There was no reason why the Union finance ministry should have messed up succession planning at the country’s premier bank, State Bank of India (SBI). If the idea was to allow the incumbent managing director, R Sridharan, a limited tenure in the top job, as a consolation since he missed out being considered for the job given the existing rules on age and eligibility, it is understandable. No harm done if you allow a senior person a brief term, before the regular appointment is made. In the past, even the Reserve Bank of India (RBI) had such interim governors. However, if the reason for the present situation was lack of proper paper work by those responsible for the selection process, then it reflects poorly on the Union government and the Union finance ministry. Also, it is unfair to whoever finally gets the top job at the country’s biggest bank. It is axiomatic that the successor to an outgoing top executive of any important organisation should be identified at least six months in advance. Not doing this lays the system open to the allegation that there is a conscious desire to build scope for extended lobbying and influence peddling.
As and when a chairman with a reasonable tenure takes over, he will have his hands full, and a handicap to boot. The previous chairman had defied the RBI by not fully meeting the provisioning norms laid down. Doing so now will immediately depress the bottomline, thus putting it in an unfavourable light compared to the earlier period. This will reinforce an unfortunate pattern in the reporting of public sector banks’ bottomlines. As the time for one chief to go approaches, performance starts smelling of roses and there is a sharp decline immediately after the new chief takes over, inviting the notion that he has inherited a poor legacy.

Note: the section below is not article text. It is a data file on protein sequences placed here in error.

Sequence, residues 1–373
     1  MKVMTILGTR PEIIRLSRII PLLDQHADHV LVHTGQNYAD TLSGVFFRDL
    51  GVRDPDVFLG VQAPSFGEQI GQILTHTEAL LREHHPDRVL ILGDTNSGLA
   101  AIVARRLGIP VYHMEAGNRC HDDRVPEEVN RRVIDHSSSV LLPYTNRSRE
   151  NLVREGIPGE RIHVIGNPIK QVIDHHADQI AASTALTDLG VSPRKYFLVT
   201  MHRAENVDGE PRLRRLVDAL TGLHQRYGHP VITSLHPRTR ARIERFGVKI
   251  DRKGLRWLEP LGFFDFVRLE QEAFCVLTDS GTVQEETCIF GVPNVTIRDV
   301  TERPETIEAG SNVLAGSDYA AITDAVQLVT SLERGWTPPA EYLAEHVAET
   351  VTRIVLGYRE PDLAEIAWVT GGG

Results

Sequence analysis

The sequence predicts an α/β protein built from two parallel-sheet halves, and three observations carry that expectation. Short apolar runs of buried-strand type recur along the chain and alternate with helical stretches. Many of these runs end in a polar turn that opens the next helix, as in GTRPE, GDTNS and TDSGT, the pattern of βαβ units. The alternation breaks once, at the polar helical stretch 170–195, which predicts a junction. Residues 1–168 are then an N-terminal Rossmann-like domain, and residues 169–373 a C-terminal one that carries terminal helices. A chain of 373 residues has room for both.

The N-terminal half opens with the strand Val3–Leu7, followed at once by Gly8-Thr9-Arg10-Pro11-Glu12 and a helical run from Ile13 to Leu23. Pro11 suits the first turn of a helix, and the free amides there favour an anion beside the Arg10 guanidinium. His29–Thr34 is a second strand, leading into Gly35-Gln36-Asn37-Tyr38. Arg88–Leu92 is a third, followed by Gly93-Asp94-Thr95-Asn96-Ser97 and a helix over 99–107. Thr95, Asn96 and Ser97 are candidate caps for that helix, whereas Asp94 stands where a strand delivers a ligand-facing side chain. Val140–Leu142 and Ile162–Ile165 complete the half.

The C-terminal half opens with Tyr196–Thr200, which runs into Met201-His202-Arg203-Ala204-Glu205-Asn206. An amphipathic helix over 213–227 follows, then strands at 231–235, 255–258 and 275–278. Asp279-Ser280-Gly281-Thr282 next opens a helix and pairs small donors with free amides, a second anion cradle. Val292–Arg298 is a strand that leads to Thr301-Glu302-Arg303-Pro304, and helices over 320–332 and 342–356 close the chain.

Another challenge the next chairman will face is to improve the quality of assets. It is far from what it should be, with SBI trailing its peer group. There was, in fact, no improvement in this regard during the long tenure of the previous incumbent. The asset quality appears to have been sacrificed on the altar of high growth and improvement in market share, important as they are. Therefore, a period of consolidation instead of chasing growth for the sake of growth may be in order. The outgoing chairman, O P Bhatt, had displayed remarkable aggression vis-à-vis the competition and this can-do attitude had enthused the organisation and enabled him to lead from the front. The challenge for the new leader will be to continue to enthuse without some of the earlier bravado, particularly picking a fight with the regulator. But though motivation is needed, there must be something to motivate. It is highly doubtful if the likes of Mr Bhatt are being recruited now at the entry level. Four decades ago, not only were the bank’s entry level salaries among the best in the country, including the private sector, the number of decent private sector jobs obtained on merit was far fewer. The bank has developed a serious talent deficit and the government has to do something to allow it to win appropriate talent across levels.
SBI is a national organisation so it must get the best in the national interest. Better leadership planning is a necessary part of building organisational morale, which is critical to attracting good talent in any organisation.